On Friday, the U.S. Treasury Department announced new sanctions against three groups it said were North Korean state-sponsored cyber groups, responsible for attacks on critical infrastructure and cyber crime.
The three groups identified were known as Lazarus Group, and two sub-groups of Lazarus, Bluenoroff, and Andariel. All three are said to be linked to North Korea’s Reconnaissance General Bureau, or RGB, the country’s overseas intelligence agency. The RGB was itself designated in 2015.
The three groups have been designated under the U.S. Office of Foreign Assets Control (OFAC) Specially Designated Nationals (SDN) and Blocked Persons List.
“Treasury is taking action against North Korean hacking groups that have been perpetrating cyber attacks to support illicit weapon and missile programs,” Sigal Mandelker, the under secretary for Terrorism and Financial Intelligence at the Treasury Department said in a statement on Friday.
“We will continue to enforce existing U.S. and UN sanctions against North Korea and work with the international community to improve cybersecurity of financial networks.”
The groups sanctioned were involved in a range of illicit activities, the U.S. Treasury release alleges. The Lazarus Group was behind the WannaCry 2.0 ransomware attack in 2017. The United States first publicly attributed the attack to North Korea in December 2017.
Bluenoroff, a sub-group within Lazarus Group, was involved in “heists against foreign financial institutions on behalf of the North Korean regime to generate revenue, in part, for its growing nuclear weapons and ballistic missile programs,” the U.S. Treasury noted.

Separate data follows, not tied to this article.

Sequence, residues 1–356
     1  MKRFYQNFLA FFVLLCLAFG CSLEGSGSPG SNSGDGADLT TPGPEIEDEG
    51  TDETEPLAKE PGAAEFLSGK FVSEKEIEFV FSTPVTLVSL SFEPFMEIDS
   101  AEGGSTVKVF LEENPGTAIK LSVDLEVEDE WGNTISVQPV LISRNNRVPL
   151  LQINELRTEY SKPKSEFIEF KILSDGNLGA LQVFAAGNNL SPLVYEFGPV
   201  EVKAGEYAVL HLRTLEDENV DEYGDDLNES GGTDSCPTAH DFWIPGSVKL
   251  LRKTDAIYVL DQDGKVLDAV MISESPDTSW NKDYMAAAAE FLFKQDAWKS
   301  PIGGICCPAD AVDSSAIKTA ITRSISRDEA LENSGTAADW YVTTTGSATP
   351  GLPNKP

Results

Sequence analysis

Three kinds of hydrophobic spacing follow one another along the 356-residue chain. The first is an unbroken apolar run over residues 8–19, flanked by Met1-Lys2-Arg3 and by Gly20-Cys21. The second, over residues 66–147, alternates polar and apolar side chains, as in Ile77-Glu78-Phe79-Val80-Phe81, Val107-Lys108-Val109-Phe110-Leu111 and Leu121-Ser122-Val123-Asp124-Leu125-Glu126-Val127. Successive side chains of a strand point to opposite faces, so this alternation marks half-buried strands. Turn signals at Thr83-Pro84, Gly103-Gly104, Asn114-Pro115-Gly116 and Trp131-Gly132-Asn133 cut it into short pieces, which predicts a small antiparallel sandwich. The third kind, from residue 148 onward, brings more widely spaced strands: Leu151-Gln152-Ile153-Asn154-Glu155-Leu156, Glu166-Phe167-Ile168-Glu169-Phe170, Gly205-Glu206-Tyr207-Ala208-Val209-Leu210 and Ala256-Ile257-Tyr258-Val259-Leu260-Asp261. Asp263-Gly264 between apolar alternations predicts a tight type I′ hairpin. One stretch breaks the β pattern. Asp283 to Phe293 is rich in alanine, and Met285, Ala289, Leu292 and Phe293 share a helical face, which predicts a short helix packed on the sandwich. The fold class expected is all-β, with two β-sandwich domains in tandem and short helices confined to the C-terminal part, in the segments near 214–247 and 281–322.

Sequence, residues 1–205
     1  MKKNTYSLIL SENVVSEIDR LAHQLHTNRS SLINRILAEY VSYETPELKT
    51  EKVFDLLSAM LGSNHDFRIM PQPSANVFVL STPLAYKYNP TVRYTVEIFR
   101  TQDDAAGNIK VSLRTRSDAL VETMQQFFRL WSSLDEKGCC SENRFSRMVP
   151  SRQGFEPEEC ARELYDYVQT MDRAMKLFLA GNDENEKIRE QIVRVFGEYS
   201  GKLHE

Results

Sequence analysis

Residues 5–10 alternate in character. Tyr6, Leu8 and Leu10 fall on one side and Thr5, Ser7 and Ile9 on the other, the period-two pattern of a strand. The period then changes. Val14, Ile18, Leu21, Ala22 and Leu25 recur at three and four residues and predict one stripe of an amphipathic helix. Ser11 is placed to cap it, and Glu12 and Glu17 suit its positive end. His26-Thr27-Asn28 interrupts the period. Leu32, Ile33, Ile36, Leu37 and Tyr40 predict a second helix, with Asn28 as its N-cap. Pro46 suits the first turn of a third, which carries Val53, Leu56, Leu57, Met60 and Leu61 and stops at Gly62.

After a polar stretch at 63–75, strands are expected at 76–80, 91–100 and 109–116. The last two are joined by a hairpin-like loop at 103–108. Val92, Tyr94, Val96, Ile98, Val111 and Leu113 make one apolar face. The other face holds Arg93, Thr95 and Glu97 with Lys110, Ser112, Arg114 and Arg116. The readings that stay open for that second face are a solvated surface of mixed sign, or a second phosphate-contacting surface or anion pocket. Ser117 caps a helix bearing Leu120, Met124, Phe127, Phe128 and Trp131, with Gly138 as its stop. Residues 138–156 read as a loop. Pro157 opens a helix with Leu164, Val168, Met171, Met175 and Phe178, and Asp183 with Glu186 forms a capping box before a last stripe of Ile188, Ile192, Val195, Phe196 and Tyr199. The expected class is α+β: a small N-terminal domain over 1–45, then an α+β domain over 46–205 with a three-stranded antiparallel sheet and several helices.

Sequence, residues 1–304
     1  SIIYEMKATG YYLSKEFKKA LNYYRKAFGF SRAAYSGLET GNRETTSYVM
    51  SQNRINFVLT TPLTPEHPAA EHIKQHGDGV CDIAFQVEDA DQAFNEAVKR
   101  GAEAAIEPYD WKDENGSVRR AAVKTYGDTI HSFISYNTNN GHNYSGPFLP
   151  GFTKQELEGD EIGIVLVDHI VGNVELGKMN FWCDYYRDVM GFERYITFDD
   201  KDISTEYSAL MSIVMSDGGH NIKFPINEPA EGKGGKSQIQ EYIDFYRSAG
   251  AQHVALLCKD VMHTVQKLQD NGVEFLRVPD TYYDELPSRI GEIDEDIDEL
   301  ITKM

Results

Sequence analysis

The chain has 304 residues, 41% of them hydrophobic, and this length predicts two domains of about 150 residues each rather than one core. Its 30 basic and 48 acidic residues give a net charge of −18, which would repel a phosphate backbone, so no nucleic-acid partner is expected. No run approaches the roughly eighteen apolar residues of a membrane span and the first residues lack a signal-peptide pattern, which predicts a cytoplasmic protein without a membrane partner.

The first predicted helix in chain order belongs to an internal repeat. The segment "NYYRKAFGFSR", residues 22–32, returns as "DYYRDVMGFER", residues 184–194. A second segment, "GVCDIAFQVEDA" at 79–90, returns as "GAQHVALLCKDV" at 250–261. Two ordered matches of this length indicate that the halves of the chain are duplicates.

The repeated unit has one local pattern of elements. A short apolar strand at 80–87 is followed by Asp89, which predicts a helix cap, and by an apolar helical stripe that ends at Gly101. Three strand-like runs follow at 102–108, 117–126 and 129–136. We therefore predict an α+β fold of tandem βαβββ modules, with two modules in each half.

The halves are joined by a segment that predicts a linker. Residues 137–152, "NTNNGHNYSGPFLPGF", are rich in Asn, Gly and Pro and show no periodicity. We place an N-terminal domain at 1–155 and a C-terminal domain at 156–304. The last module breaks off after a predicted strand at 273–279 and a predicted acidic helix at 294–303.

This included attacks against financial institutions in Bangladesh, India, Mexico, Pakistan, Philippines, South Korea, Taiwan, Turkey, Chile, and Vietnam. The group was behind the $80 million heist at the Central Bank of Bangladesh’s New York Federal Reserve account, the release noted.
Andariel, another Lazarus sub-group, has focused its efforts primarily on South Korea. “Andariel was observed by cyber security firms attempting to steal bank card information by hacking into ATMs to withdraw cash or steal customer information to later sell on the black market,” the release noted.
The U.S. Treasury’s release added that “the Department of Homeland Security’s Cybersecurity and Infrastructure Security Agency (CISA) and U.S. Cyber Command (USCYBERCOM) have in recent months worked in tandem to disclose malware samples to the private cybersecurity industry.”
The new U.S. Treasury sanctions come after the UN Panel of Experts’ report on North Korea underscored increased cybercrime activities, including Pyongyang’s efforts to compromise cryptocurrency exchanges.
The Panel estimated that North Korea could have generated as much as $2 billion from its illicit cyber activities.